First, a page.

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Protect Yourself from PHP Worms

Don't just change your code to protect yourself from attacks such as the Santy or PHPInclude worms—change your tactics.


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n recent months it's become apparent that every computer system, regardless of operating system or programming language, bears a security risk. All computer software exposes attack surfaces to viruses and worms, and it is only a matter of time before they get attacked. Most recently, the bulk of security attacks have targeted Microsoft Windows and its Internet Information Services (IIS) Web server, but they aren't unique in their vulnerability; such attacks simply tend to target the most popular systems.

Over the past couple of years, PHP has become an increasingly popular language for Web sites that don't want to invest in expensive Web server operating system licenses such as Windows 2000 Server or Windows 2003 Server. PHP is a free server-side scripting language, much like ASP, that can run on either Windows or Linux. When combined with a database back end like MySQL (also available in a free incarnation) these two tools make a powerful suite that you can use to build dynamic, data driven Web sites.

Perhaps as a result of its growing popularity, PHP is under attack from virus and worm writers. A recently discovered, major security hole in the language has brought about many attacks upon Web sites built with PHP or tools that have been written in PHP, such as the popular phpBB bulletin board software. It is important to point out that describing something like this as a "hole" sounds critical of the design, but that's not usually the case. Generally, a security hole in a computer language, application, or platform occurs when someone finds an unforeseen use for a feature. Calling an unforeseen use a design flaw is analogous to insisting that a hammer's design is flawed because it can be used as a weapon as well as to drive nails.

The feature of PHP that has led to the proliferation of worms such as Santy (now PHPInclude) is that a PHP script can "include" another script. This is very commonly (and properly) used because it allows a single PHP script to contain shared functions. That script is then "included" in other scripts that need access to the shared functions. The script file inc.php (see Listing 1) contains a simple function called addOne, which as its name suggests, adds 1 to the input parameter and returns the answer.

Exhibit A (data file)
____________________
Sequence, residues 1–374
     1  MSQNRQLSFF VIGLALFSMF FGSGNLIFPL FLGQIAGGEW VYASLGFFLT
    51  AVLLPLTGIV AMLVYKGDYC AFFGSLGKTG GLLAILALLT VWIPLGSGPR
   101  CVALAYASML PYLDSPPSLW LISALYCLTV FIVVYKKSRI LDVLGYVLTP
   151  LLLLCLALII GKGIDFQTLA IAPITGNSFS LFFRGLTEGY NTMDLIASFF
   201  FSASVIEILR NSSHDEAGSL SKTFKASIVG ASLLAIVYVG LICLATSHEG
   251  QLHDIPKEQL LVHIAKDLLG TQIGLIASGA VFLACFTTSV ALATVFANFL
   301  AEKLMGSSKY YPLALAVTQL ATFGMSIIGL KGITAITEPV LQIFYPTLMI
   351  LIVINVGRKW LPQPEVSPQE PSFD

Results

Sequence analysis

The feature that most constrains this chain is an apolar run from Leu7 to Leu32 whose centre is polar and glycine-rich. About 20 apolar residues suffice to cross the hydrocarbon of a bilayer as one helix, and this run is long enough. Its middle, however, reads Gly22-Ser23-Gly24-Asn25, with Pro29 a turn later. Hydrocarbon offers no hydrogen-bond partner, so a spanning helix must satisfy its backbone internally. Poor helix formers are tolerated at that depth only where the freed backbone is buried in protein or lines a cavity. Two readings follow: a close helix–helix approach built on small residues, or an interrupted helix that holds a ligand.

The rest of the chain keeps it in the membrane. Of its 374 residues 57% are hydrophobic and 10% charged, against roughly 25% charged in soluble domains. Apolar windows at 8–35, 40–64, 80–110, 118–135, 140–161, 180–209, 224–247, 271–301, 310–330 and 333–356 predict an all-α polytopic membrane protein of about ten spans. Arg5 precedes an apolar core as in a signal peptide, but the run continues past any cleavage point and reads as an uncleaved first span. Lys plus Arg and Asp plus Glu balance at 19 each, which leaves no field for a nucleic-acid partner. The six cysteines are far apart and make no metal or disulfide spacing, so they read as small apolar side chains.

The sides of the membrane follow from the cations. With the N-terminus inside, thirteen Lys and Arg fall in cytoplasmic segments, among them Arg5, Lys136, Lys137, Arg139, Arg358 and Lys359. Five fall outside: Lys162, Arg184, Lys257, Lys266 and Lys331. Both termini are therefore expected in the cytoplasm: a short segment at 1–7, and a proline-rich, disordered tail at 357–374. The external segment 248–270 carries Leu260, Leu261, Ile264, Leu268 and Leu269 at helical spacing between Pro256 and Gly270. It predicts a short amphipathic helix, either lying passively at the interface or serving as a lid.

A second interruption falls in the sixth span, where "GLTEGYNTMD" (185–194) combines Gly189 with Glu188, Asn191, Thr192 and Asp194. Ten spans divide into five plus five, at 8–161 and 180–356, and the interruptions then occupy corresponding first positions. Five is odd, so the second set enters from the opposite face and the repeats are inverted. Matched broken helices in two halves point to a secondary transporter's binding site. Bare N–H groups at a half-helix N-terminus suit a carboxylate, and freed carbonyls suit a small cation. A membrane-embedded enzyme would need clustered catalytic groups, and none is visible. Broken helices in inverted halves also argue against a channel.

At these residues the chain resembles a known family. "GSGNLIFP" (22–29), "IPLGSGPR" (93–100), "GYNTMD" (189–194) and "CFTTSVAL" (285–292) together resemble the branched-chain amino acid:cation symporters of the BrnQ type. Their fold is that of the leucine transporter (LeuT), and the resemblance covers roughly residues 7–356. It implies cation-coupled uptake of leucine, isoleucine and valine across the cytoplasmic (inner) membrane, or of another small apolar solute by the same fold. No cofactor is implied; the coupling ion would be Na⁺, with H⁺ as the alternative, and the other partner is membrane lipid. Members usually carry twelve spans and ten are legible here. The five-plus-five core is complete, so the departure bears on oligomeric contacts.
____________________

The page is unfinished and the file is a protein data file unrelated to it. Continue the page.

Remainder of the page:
<?php function addOne($in) { $out = $in + 1; return $out; } ?>

The script file page.php (see Listing 2) is an example of a page on your Web server that a client would call, passing in a numeric parameter, which would then have 1 added to it. The first line of Listing 2 contains a line that includes the code from Listing 1, showing how you can make the addOne function available from other pages without copying it every time.

<?php include('inc.php'); $in=$_GET['num']; $out=addOne($in); echo("The result is " . $out); ?>

 
Figure 1. Page.php in Action: The client passed a value of 7 to the page, which calls included addOne() function and displays the result.
Figure 1 shows an example of page.php in action. Note that the client passed the num parameter in the address line as num=7. As shown in Listing 2, the page.php code calls the included addOne function, which adds 1 to the passed value, and returns the result. The page then writes out the resulting value of 8.

Author's Note: While this article discusses the "include" keyword, the same issues arise with the "require" keyword, which behaves in an almost identical manner. The difference between these keywords is when the path to the target file can not be resolved, include throws a warning, while require causes a fatal error.



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